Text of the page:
Raynham Hall Mystery of History
The Brown Lady of Raynham Hall The Brown Lady of Raynham Hall is one of the most famous hauntings in Britain, this is mainly down to the strange form captured by photographers from Country Life magazine in 1936. Before that event the Brown Lady had been reported several times, but many of the written accounts vary considerably.
The hall dates from the 17th century, and has been in the hands of the Townsend family from that time. In some stories the apparition of the Brown Lady once haunted Houghton Hall, but came to Raynham with sister of Robert Wallpole, who married Viscount Townsend in 1713. The Brown Lady of Raynham Hall
Robert Wallpole Brown Lady - Ann
The Brown Lady of Raynham Hall Lucia Stone recorded the first reference to the ghost in 1835; the sighting took place at Christmas of the same year. Lord Charles Townsend had invited a number of guests to the hall for the Christmas festivities. Among them was a man called Colonel Loftus, who, with another guest called Hawkins, witnessed a figure in a brown dress. He also ran into the apparition on the main stairs. He described her as an aristocratic looking lady with one horrific feature: where her eyes should have been there were only empty sockets, highlighted in a face that glowed with an unearthly light. The captain drew a sketch of the apparition, and others also said that they had witnessed the ghost.
The Brown Lady of Raynham Hall The next sighting was by a Captain Marryat (1792-1848), an author of sea novels, although no firm date is given for this encounter. In most accounts the captain has asked to stay in the haunted room because he believes that the haunting is the result of local smugglers. He is returning to his room with two companions, when they see a figure with a lantern coming towards them. They take refuge in a doorway, and the figure turns and grins at them in a "diabolical manner". The captain, who is armed, looses off a shot, which passes straight through the figure and becomes lodged in the opposite wall. Fortunately for the Captain the figure is not a guest with a sense of humor in disguise, and the apparition vanishes.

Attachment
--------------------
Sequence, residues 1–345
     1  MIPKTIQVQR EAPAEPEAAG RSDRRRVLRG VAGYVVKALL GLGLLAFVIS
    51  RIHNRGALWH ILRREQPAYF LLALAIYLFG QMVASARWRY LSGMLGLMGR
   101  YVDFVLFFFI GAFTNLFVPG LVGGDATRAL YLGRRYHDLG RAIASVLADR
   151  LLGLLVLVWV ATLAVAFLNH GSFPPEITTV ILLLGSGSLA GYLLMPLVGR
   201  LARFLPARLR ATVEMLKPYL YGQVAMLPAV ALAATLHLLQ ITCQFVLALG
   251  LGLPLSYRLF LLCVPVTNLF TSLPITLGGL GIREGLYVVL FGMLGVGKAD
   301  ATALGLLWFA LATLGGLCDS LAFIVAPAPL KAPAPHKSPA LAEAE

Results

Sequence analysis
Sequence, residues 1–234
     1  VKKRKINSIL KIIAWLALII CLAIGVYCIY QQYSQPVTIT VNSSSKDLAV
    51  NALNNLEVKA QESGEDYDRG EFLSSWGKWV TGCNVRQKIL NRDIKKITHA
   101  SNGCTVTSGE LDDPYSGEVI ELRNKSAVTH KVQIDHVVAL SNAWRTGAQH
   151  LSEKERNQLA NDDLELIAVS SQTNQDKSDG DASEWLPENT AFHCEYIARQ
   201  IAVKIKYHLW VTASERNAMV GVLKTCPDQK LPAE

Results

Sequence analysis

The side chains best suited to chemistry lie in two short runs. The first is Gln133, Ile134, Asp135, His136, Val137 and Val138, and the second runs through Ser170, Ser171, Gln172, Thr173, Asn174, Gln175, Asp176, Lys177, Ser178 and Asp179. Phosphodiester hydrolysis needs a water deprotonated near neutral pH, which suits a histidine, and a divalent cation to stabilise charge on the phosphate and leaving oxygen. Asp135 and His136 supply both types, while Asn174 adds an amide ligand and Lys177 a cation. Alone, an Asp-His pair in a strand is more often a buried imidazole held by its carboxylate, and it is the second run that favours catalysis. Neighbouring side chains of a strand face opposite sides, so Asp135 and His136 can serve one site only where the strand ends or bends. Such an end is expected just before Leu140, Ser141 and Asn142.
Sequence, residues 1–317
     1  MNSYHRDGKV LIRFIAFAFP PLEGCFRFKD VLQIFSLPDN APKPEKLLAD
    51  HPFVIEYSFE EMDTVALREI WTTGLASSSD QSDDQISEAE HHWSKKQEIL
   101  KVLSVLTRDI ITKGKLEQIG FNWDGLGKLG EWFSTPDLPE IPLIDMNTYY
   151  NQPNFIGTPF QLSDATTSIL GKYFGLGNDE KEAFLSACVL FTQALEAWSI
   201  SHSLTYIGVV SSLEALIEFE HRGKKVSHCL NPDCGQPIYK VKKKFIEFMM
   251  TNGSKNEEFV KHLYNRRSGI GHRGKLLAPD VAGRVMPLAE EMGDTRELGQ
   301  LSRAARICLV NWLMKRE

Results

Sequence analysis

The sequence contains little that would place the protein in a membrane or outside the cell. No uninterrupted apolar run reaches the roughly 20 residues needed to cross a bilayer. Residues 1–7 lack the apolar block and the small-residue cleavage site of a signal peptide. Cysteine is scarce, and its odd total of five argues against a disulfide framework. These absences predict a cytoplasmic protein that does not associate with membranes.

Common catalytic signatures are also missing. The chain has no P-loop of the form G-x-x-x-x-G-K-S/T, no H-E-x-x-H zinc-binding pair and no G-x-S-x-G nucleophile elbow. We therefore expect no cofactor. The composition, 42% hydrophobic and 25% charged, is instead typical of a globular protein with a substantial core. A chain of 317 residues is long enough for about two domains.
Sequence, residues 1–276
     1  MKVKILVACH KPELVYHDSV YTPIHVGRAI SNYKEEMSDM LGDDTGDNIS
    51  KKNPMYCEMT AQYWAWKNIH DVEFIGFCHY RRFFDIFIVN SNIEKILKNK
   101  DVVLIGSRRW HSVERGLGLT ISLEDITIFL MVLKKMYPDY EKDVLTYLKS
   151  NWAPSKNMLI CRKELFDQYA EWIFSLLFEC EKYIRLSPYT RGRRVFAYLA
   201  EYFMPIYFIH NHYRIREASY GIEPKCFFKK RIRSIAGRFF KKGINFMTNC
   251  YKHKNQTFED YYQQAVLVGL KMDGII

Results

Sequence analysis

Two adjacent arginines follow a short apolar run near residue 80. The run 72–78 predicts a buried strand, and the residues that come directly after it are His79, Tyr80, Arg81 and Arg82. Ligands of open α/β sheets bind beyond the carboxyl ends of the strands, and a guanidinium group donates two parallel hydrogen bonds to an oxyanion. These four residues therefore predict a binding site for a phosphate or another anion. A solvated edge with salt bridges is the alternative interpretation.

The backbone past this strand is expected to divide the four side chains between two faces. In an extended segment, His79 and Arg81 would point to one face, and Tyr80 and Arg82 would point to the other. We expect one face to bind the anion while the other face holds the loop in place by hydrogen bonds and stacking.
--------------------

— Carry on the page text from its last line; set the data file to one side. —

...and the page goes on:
The Brown Lady of Raynham Hall Ten years later in 1936, the most famous event occurred in the history of the haunting. Two professional photographers, Captain Provand and his assistant Indre Shira, were taking photographs of the hall for 'Country Life' magazine. The date was the 19th September that afternoon they were photographing the Hall's main staircase. Shira saw a misty form, he shouted to the captain that there was something on the stairs, and asked if the Captain was ready, he replied "yes" and took the cap off the lens, while Shira pressed the trigger for the flash light.
The Brown Lady of Raynham Hall Raynham Hall is looks very unfriendly and sometimes it seems that someone from his windows languid eyes watching anyone entering the territory of the manor.
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